Federalism Under Crisis: Unveiling The Constitutional Aspirations On Higher Education
During my tenure in the Indian Parliament one of the most exciting experiences was when, I had objected the introduction of a legislative bill which intended to incorporate a University in Budhalkand. The objection was based on the legislative competency of the Parliament to incorporate a university in a state. A cursory glance, into the provisions of our Constitution reveals that although "education", is placed in the concurrent list by a Constitutional amendment, however the incorporation and regulation of universities are under the state list as entry 32 of the seventh schedule. Parliament has the power to make laws for incorporation of universities of national importance as per entry 64 of the Union List. After a healthy discussion in the Upper House, it was finally decided that the Parliament has no legislative competency to make an act for state Universities. Now this question assumes much significance in the context of the recent Supreme Court verdict on the appointment of a vice chancellor to Kerala Technical University and the incidents which erupted as an aftermath of it in Kerala.
It is interesting to note that the apex court in Gambhirdan K Gadhvi case (2022) has declared that UGC regulations prevail over the state Acts by interpreting Art 254 of the Constitution and it is mandatory for state universities to comply with UGC regulations. Curiously this is contrary to position taken earlier by the Supreme Court itself. In the Kalyani Mathivanan case (2015) , Supreme Court itself has stated that UGC regulations are mandatory for central universities and directory for State universities.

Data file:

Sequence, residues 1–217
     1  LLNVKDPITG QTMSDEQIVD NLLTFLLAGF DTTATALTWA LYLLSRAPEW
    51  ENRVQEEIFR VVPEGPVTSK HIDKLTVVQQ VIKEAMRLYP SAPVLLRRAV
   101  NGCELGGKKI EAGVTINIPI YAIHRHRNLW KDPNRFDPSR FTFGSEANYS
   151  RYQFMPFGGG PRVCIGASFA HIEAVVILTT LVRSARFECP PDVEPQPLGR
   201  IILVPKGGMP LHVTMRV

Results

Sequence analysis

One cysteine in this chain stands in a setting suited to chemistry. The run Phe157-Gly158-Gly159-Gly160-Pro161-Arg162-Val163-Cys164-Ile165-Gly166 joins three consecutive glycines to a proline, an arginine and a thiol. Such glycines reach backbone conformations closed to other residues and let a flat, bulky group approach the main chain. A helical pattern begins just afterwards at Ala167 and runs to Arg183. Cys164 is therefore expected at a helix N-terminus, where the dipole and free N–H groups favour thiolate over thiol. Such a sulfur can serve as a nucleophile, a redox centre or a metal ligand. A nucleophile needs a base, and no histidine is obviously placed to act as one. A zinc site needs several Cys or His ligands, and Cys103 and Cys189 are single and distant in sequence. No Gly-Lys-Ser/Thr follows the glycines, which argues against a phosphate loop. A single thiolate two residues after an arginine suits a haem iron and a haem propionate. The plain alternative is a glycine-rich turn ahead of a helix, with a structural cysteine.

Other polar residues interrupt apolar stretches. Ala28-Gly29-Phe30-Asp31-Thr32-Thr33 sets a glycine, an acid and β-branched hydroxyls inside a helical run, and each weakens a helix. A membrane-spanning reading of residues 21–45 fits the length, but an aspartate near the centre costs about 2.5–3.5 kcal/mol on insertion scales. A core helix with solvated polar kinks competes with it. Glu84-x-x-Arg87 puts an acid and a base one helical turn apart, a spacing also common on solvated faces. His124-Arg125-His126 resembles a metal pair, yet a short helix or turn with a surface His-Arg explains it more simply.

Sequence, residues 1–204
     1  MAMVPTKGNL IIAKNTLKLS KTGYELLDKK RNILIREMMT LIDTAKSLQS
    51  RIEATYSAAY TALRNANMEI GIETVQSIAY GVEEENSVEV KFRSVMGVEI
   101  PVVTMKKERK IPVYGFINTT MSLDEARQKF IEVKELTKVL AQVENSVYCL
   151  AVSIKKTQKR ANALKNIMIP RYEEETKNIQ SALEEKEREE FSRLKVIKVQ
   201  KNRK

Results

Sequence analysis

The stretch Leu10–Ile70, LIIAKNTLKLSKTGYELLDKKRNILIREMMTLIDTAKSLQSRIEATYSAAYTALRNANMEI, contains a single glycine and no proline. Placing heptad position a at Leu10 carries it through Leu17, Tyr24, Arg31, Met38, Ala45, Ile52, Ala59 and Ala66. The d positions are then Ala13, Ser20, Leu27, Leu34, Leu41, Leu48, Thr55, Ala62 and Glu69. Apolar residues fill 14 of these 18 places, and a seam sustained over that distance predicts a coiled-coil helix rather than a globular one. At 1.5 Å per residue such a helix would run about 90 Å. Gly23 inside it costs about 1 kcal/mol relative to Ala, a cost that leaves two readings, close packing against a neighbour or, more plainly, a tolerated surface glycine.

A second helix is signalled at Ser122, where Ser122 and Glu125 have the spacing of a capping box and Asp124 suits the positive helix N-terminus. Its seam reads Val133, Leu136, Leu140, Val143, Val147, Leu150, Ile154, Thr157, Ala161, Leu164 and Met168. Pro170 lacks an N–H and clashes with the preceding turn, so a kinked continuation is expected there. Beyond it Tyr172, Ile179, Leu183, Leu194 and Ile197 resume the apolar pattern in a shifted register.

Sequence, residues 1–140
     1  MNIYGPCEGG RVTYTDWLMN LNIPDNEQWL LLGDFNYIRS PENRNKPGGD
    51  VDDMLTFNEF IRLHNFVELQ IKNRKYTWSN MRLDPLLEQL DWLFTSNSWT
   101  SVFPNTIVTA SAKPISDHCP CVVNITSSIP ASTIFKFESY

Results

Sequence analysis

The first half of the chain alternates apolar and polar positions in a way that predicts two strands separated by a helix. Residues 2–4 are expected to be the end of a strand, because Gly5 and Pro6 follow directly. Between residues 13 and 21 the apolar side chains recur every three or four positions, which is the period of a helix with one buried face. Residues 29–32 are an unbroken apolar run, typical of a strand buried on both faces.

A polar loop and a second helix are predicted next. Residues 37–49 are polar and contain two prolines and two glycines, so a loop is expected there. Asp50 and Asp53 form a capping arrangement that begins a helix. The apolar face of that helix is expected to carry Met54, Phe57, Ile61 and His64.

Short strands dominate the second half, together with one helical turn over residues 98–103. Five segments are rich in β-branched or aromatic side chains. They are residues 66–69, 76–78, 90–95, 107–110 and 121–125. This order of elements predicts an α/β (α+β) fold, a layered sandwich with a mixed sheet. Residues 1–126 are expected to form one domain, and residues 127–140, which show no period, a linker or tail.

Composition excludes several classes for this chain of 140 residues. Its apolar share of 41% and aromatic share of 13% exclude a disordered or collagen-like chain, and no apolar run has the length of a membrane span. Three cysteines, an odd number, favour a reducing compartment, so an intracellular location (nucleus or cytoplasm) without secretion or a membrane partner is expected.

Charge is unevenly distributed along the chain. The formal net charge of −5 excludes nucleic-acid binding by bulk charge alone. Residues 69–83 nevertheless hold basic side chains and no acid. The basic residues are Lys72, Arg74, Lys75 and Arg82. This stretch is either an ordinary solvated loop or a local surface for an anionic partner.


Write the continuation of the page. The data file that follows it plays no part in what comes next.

The court observed thus :
"(iii) UGC Regulations, 2010 are mandatory to teachers and other academic staff in all the Central Universities and Colleges thereunder and the Institutions deemed to be Universities whose maintenance expenditure is met by the UGC."
(iv) UGC Regulations, 2010 is directory for the Universities, Colleges and other higher educational institutions under the purview of the State Legislation as the matter has been left to the State Government to adopt and implement the Scheme. Thus, UGC Regulations, 2010 is partly mandatory and is partly directory."